Not sure where this old world will end up, but someone has been ordering an awful lot of handcarts…

    • jwebster2 July 30, 2021 at 8:26 am Reply

      If they’re wooden and you store them carefully, think of it as a way to sequestrate carbon 🙂

      • rootsandroutes2012 July 30, 2021 at 8:29 am

        If I’ve understood Books & Bonsai correctly, won’t all that carbon be released as soon as they get to their destination 🙂

      • jwebster2 July 30, 2021 at 8:36 am

        It depends whether hell shares the same atmosphere. If it doesn’t it might be a policy worth examining 🙂

  5. Dan Holdsworth July 30, 2021 at 10:04 am Reply

    To my mind the Aussies are missing a trick with their beef exports. Cattle are creatures of temperate climes where there is plenty of water. Australia by contrast is mostly old, infertile, dry desert and it just so happens that there are animals adapted to these sorts of conditions.

    Kangaroos are the native version of deer, and do incredibly well on Australian soil, though being evidently as thick as two short planks they would do much less well anywhere else where predators are a bit smarter.

    Australia also has huge populations of wild camels left over from those used during the most recent colonisation. These are a pest species and the aussies want rid of them; might it not be a good idea to try and market camel as a specialist gourmet meat and see if the world can eat them into oblivion? Implying that camels are good for male virility would be a good start in such marketing.

    Longer term, why go to all the trouble farming cattle when you can start trying to domesticate and farm kangaroos, which are already thoroughly adapted to the Aussie environment, breed like crazy when times are right, and most important of all to us, do not really compete directly with our local beef market?

    • jwebster2 July 30, 2021 at 10:28 am Reply

      It makes a lot of sense, I suspect that there is both an element to tradition and invested capital, but also the fact that it’s probably only comparatively recently that the market would exist.
      The world might well be ready for the Australian microwaveable camel and rabbit ragout 🙂

    • rootsandroutes2012 July 30, 2021 at 10:37 am Reply

      ‘Implying that camels are good for male virility would be a good start…’ Of course – there has to be an etymological link between Bactrian and Bacchanalian.

      • jwebster2 July 30, 2021 at 10:39 am

        Alas they’re apparently dromedaries, but still, I’m sure something along the Arabian Nights line could well work 🙂

  6. Cathy Cade July 30, 2021 at 11:43 am Reply

    Climates do change… it’s probably the first time I’ve seen someone else pointing that out. Might it be sensible to plan some for coping with the changes rather than putting every planning egg in the basket of trying to reverse them?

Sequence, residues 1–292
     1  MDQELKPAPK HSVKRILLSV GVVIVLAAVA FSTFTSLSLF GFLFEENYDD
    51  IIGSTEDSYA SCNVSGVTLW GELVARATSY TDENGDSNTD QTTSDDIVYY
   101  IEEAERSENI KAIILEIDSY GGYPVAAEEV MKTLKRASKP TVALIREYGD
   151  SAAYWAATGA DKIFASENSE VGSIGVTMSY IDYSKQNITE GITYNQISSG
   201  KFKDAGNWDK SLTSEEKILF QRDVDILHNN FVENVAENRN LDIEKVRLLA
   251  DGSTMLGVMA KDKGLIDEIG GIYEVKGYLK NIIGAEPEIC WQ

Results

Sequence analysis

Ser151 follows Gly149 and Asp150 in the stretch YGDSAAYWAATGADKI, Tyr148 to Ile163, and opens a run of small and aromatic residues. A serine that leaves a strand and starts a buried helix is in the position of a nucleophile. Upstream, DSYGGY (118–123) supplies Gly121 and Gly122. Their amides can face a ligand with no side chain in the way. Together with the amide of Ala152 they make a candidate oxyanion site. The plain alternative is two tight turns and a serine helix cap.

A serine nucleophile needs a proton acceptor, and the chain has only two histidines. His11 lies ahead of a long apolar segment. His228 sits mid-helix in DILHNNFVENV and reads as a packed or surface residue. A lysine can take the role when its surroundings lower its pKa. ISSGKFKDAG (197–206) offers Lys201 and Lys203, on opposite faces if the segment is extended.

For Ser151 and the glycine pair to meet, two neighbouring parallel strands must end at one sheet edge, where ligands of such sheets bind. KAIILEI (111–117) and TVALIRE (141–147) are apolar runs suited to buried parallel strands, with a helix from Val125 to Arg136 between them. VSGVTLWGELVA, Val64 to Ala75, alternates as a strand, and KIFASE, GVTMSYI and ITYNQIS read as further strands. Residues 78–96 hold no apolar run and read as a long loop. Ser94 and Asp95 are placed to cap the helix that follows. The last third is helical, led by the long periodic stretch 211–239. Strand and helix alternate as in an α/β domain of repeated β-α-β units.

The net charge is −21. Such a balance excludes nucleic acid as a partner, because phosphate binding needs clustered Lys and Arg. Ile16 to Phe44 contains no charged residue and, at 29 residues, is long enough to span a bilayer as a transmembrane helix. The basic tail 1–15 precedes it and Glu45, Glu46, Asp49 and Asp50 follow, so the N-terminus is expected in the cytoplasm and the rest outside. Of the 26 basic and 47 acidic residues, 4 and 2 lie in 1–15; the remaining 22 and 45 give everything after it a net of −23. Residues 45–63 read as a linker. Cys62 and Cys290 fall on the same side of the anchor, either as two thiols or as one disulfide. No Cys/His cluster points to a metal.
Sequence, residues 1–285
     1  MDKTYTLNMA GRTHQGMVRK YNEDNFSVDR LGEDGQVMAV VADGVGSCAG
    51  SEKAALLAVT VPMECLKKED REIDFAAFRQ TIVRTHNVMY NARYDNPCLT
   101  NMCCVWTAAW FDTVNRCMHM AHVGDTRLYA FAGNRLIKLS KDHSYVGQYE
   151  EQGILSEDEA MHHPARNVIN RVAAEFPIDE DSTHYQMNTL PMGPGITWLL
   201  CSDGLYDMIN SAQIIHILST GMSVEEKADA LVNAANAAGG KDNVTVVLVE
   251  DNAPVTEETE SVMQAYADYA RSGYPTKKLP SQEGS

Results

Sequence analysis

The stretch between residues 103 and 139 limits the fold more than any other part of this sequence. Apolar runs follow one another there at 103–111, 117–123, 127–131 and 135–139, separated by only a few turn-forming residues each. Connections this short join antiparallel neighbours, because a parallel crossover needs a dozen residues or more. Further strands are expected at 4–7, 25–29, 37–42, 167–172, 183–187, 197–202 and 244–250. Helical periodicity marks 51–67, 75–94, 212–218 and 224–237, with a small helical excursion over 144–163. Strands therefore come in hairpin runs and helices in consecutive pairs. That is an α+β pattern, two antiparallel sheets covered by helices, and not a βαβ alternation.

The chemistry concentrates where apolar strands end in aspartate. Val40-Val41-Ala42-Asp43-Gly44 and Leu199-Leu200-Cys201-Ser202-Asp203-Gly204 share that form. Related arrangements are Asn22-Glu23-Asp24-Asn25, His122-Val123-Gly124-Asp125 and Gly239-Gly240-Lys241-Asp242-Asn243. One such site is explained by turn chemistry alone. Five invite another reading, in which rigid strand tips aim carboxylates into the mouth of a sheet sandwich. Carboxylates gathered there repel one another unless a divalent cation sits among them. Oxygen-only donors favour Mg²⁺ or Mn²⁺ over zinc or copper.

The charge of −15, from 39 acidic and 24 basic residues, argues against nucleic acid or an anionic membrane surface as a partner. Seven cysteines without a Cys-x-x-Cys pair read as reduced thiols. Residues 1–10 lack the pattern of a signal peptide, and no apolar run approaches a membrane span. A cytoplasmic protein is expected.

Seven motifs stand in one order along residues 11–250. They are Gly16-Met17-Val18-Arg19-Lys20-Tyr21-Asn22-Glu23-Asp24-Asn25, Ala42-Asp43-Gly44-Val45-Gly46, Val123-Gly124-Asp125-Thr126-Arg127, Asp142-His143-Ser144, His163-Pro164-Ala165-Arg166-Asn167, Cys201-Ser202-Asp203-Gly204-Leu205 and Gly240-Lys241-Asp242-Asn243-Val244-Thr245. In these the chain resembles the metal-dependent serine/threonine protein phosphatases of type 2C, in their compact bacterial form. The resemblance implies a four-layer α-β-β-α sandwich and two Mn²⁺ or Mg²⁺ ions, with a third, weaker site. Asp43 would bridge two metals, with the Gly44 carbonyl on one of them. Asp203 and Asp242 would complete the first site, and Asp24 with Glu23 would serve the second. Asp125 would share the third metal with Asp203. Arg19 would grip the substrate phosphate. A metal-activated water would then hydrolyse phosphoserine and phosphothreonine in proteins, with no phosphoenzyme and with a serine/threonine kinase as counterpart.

It’s like insurance. If our descendants are really lucky, after billions have been poured into flood/fire/subsidence/heatstroke prevention schemes, they may have the opportunity to enjoy complaining about the billions spent on something that was never used.

  7. Doug Jacquier July 30, 2021 at 12:59 pm Reply

    As always, Jim, I’ve done a bit of research before shooting off my mouth. Re the claims by the RSPCA in the UK about Australian farming practices, a charitable view would be that they are misleading and a less charitable view would that they are deliberately misleading. However the bottom line is that consumer preference is driving major retailers into only sourcing products that do not inflict unnecessary pain on animals, add hormones etc and our supermarkets overflow with products that suggest the producers have been very nice to the animals before they killed them.
    Re eating kangaroos, camels, emu, and crocodiles, I have eaten them all and recommend them as great eating when cooked properly. The major problems seem to be consumer resistance and the economics simply not adding up. (In fact we make more money from camels from breeding them to sell them back to the countries from whence they came.) This is not helped by campaigns in the US not to import any kangaroo products to make athletic boots.
    And of course the ultimate irony is that rampant veganism will kill the planet far more quickly than a balanced diet that includes animal protein and will lead to mass starvation in many countries. Never mind, at least they’ll die pure in spirit,

    • jwebster2 July 30, 2021 at 1:16 pm Reply

      One of our major problems is people who value ideological purity over reality 😦

    • jwebster2 July 30, 2021 at 1:17 pm Reply

      I suspect the other problem is that Australia is a long way away, so is easy to exaggerate stuff, and it’s more easily believed because Australians have never been the darlings of the left over here